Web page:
West Bengal is famous across the world for its art and craft. There are umpteen varieties of crafts in the state, all of which promise to woo your heart. One of them is the beautiful milky-white sponge-wood craft, known as 'Sholapith'. The material for the craft is derived from Sola, a plant of bean family - generally found in marshy waterlogged areas. It is basically the cortex of the plant - Sholapith, around 1½ inch in diameter, which is used in the craft, for making various beautiful and lightweight decorative items, thus the name.
Sholapith is very similar to the artificially-prepared thermocol in appearance. However, in terms of quality, the former has an edge over the later, when it comes to malleability, texture, luster and sponginess. It is used for making impressive decorative items, like ornate head-wears of bridal couple, garland, decorative fans, animals, birds, dolls, images of gods and goddesses, elephant-howdahs, peacock-boats, palanquins, flowers and various kinds of crowns. However, the finest Sholapith works can be seen during Durga Pooja, when the massive backdrops of the temporary temples are built as the stage.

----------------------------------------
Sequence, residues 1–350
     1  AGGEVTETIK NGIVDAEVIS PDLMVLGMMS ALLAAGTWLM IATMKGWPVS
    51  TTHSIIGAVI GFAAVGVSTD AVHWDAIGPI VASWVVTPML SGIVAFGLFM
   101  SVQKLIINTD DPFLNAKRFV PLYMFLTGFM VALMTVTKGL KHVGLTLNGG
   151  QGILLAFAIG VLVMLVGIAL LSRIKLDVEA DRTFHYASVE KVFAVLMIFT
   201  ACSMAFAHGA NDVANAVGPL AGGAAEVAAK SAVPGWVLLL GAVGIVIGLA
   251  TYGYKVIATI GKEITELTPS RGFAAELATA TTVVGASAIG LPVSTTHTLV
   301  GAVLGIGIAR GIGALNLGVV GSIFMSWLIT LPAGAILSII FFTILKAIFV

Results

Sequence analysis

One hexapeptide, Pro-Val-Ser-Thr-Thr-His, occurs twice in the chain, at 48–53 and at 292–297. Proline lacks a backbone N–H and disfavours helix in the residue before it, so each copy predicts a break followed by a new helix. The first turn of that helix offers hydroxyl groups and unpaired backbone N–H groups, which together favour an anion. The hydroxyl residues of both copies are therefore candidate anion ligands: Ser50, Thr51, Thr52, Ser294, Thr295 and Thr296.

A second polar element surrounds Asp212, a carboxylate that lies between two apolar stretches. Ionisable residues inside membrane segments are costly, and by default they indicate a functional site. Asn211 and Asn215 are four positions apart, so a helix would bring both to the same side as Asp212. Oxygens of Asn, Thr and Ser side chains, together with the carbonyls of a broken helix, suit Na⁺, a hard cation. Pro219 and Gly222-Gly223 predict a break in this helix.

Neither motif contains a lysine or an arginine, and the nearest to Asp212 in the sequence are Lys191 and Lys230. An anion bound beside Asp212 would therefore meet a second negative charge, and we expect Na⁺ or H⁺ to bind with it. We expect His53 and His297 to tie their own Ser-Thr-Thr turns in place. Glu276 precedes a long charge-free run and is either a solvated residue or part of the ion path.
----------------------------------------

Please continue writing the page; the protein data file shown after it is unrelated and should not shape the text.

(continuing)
In appearance, Sholapith crafts look quite similar to the expensive ivory items. This is the reason why they are, interestingly, termed as 'herbal ivory'. The use of Sholapith, instead of ivory, in decorative pieces is considered to be eco-friendly and economical. This craft has recently gained attention in the global market. Murshidabad city of West Bengal is famous for this exquisite representation of this craft. Other than that, the places in West Bengal renowned for this craft are Birbhum, Nadia, Hooghly and Burdwan.